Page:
PARIS — In a major, yet anticipated turnaround, Gaul’s National Film Board (CNC) prexy Eric Garandeau has been axed. The French government has appointed fellow Socialist Frederique Bredin to take over the reins of the powerful state-backed org.
Bredin, who will begin her mandate on July 15, serves as finances inspector. She has previously served as adviser to Francois Mitterand, deputy and later minister of youth and sports from 2000 to 2009.
The CNC shuffle had been rumored since May 2011, when Socialist Francois Hollande was elected president of France.
Some local journos have pointed out Bredin’s close ties with Hollande, which goes back to their time studying at the prestigious National School of Administration (ENA). Bredin also reportedly campaigned for Hollande.
Appointed by then-prexy Nicolas Sarkozy in January 2011, Garandeau participated in a flurry of crusades against the European Commission. Most recently, Garandeau was a key advocate — along with culture minister Aurelie Filippetti and thousands of industryites — for the exclusion of film and TV services from the free-trade negotiations between the European Union and the U.S. The EU eventually voted to exclude cultural services from the upcoming negotiations last month after weeks of heated debates.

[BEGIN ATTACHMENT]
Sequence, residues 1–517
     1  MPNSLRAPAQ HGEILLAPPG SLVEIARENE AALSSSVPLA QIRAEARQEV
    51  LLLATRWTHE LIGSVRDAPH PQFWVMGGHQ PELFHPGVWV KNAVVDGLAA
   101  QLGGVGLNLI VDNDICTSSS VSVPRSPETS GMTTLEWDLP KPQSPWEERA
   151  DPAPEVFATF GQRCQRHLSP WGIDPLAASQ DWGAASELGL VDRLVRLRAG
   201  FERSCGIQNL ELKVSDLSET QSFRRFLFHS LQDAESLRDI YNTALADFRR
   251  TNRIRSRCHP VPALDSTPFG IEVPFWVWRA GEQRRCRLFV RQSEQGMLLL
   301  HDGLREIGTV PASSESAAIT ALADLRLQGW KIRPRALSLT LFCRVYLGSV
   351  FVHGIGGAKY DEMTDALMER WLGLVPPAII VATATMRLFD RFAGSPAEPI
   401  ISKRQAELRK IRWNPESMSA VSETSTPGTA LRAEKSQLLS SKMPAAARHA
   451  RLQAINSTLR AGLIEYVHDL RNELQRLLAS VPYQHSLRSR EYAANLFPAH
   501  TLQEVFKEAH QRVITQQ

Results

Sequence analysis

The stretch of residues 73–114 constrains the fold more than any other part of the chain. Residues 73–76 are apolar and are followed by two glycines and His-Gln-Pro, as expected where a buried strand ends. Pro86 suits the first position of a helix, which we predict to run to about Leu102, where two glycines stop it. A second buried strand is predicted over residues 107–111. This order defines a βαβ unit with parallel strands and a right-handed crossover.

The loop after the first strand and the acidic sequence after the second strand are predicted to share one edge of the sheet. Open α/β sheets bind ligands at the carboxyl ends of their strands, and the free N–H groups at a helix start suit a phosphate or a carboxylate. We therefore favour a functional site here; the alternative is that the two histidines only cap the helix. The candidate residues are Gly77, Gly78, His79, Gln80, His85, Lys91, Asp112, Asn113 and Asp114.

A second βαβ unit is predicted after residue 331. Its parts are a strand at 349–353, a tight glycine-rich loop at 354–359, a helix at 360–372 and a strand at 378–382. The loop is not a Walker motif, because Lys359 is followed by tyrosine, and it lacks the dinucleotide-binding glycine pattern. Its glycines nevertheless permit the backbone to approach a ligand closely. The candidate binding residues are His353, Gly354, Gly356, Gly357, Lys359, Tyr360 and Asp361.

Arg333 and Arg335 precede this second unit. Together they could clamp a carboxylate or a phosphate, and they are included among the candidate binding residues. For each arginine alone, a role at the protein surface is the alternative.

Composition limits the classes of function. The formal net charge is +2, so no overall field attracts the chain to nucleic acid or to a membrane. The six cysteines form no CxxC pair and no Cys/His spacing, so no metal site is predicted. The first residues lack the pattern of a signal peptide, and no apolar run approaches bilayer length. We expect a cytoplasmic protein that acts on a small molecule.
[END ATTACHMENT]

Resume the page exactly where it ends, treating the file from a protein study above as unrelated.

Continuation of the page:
“In spite of the attacks from Brussels, the budgets cuts and repeated audits, nothing could and will ever hurt the strength or real value of the CNC,” said Garandeau in a statement announcing his departure from the org.
The CNC plays a vital role in funding not only French film and TV productions, but also many international pics via its 53 co-production treaties; and its selective funding programs, such as the World Cinema Fund. In 2012, it redistributed €700 million ($912 million) collected from taxes on film tickets, TV channels, VOD, mobile devices, Internet, DVDs and other film-related products.
Under Garandeau’s leadership, the CNC’s accomplishments include the digitization of nearly 100% of France’s movie theaters, the restoration and digitization of 229 classic films; the launch of Cinecult, an international VOD platform dedicated to films from the French Film Archives and the Cinematheques; the creation of the World Cinema Fund; the signature of international treaties with such countries as Croatia, Italy and Poland; and the inception of the Jour Le Plus Court, a short film festival that will be adapted in 40 countries next December.